Where I grew up, lakes were important. We would spend considerable time driving to them, and once there, camp next to them for a couple of weeks. Every now and then we'd go and camp next to the really really big lake. The one with England on the other side, or so my brother would tell me. All the lakes had these big chairs along the swimming areas that lifeguards sat in. The really really big lake had extra tall chairs. I remember thinking that they could probably see England from up there!
But despite the importance of lakes in our recreational regime, lakes were actually fairly uncommon in Upstate New York and New England. A surprising number of lakes in the US Northeast are actually rivers or streams that have been dammed. Much of the landscape was glaciated and much of that was blanketed with glacial drift, in which ponds and lakes often form, but since the landscape is hilly (often mountainous), rivers and streams have joined low spots together into a dendritic network of flowing water. Many of the lakes that may have been there right after the glaciers retreated had been swallowed up by this network.
For example, this is the region of upstate New York where I spent much of my childhood and teenage years:
There are lakes, but most of the terrain is uplifted and drained by streams and rivers. Indeed, many of the lakes you see on this map are formed by dams and are not natural. One of the main walleye fishing lakes in New York State is the Great Sacandaga, a reservoir.
Where I now live,in Minnesota, there is not that much change in elevation, so there are lots and lots of lakes, to the extend that this is called "The Land of Lakes." If you've ever seen "Land o' Lakes" butter or other dairy products ... well, that's from here. Land o' Lakes is one of our local businesses.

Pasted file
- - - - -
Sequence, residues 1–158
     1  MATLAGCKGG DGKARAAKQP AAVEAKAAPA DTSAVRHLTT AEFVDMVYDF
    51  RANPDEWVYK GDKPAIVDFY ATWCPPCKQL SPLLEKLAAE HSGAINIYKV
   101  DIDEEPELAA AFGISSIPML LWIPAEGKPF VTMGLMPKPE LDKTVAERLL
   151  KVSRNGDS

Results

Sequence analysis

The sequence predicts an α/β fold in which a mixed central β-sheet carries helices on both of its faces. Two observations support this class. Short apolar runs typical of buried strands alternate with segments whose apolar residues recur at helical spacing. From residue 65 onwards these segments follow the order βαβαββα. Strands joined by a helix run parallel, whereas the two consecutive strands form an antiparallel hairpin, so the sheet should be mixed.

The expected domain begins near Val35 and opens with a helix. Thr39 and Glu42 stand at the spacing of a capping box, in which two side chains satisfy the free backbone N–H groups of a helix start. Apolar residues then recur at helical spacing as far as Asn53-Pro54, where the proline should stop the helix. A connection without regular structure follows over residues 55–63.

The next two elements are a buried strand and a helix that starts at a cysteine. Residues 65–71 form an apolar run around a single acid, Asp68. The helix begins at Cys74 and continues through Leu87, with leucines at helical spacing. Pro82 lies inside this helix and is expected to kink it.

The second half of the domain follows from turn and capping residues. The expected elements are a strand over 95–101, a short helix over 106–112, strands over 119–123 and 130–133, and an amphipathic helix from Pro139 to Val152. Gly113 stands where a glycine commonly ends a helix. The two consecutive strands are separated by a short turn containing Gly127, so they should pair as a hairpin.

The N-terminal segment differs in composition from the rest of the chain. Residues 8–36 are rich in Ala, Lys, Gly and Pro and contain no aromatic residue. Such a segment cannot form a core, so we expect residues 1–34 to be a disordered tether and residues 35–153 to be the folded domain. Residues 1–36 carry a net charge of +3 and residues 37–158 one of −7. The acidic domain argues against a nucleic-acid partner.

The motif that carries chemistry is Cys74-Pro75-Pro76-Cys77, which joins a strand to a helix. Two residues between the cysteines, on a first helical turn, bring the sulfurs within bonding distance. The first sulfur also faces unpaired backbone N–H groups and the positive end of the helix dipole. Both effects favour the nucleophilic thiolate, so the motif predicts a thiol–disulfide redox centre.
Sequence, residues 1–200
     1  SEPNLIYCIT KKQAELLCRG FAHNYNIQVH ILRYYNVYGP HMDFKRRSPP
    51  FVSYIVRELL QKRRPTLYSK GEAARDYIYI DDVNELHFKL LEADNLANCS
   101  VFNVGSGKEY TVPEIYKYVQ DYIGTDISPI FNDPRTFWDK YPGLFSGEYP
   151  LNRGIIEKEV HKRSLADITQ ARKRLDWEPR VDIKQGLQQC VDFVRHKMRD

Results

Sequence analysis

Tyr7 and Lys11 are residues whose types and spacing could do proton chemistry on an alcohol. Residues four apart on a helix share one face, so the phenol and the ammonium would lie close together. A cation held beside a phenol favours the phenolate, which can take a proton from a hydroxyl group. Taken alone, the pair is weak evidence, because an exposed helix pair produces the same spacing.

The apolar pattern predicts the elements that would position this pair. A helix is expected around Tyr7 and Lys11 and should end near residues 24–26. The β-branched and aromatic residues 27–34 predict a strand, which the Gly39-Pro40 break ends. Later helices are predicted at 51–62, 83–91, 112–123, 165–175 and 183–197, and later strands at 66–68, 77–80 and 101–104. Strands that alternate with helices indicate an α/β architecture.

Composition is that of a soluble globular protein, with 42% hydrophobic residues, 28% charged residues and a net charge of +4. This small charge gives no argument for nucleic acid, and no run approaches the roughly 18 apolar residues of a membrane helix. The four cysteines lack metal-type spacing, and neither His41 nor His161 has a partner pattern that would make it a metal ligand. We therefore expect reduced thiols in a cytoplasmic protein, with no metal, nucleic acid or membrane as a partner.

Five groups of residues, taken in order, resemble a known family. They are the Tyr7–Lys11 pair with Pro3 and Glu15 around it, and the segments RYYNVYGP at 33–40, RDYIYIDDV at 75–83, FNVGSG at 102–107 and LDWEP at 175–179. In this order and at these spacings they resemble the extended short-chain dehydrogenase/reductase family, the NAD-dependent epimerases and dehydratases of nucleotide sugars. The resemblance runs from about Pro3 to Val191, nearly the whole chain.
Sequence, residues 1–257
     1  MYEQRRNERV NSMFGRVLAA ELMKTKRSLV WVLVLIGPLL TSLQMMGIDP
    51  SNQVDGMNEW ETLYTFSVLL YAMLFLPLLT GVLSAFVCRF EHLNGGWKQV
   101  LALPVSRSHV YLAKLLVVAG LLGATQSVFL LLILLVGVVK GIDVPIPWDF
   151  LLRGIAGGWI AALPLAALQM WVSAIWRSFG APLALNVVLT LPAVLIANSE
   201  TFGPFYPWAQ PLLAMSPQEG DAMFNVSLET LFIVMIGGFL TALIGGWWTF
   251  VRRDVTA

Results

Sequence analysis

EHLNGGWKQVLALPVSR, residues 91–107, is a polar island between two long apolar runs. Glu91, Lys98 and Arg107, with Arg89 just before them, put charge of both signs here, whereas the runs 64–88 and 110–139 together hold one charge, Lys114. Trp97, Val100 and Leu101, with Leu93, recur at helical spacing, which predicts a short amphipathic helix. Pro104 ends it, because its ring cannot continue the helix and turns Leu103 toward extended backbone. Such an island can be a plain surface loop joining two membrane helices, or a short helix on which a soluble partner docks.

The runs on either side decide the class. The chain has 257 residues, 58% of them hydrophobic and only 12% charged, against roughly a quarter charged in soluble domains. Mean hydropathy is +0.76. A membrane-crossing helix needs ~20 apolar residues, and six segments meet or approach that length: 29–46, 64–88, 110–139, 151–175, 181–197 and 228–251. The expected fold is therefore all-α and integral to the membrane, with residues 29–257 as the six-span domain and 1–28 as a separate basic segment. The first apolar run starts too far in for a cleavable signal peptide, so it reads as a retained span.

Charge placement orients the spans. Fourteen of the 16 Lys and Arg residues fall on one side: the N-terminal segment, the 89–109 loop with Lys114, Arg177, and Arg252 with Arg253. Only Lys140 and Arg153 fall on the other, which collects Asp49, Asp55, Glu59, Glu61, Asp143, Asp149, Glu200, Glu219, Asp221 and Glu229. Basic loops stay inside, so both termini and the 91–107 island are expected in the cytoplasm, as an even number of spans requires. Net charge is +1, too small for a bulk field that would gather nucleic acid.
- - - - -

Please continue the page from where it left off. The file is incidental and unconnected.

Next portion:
For example, this is where I spend much of my time during the summer here in Minnesota:
The same glacier covered this area and upstate New York, but here there are more lakes, owing mainly to the flatter terrain. Also, very few of these lakes are regulated by dams (though more were in the past during logging days, the dams now in disuse) and I'm 99 percent certain that not one of the lakes shown on this map are human-made. (This map and the one above of New York show roughly the same land area.)
It is worth noting that people who live in Upstate New York can typically tell you where various rivers and streams are, and can tell you what river or stream feeds into what other rivers and streams. In contrast, I've found that Minnesotans often have no idea what the nearest stream or river is, or where it goes . In the region depicted here, if you ask someone which way the Mississippi River is (all the water you see here drains into it) people will simply not know or will point in a random direction.
A lake is the landscape thumbing its nose at time. All elevated regions ... all places on Earth where you can stand in one place all day and NOT have the briny sea lapping at your ankles (or knees) at least a couple of times a day ... are subject to being eroded down to sea level, someday. Wind, rain, phytochemical activity, and running water will eventually flatten any and every continent to the level of the ocean's tides.
Or at least, that is what the forces of erosion would do were it not for forces of uplift and deposition happening at the same time. And as mountains or uplands rise above the theoretical tide line, rivers cut down into the emerging hills, and seas grind away at the edges, every here and there forms a low spot that does not drain gravity-ward, and that can hold water for a time. Sometimes that time is days, after a rain. Other times, it is tens of thousands of years, until the low spot is breached by erosion and let out to the sea. Eventually, every lake may give up its basin to a stream, and thus its water to the ocean directly, by surface flow (it had already been feeding the sea indirectly via groundwater movement and evaporation).
(There is another way to think of lakes that views them as windows into an underground system of rivers and reservoirs. That perspective works better in a different kind of discussion, so we'll set it aside for now.)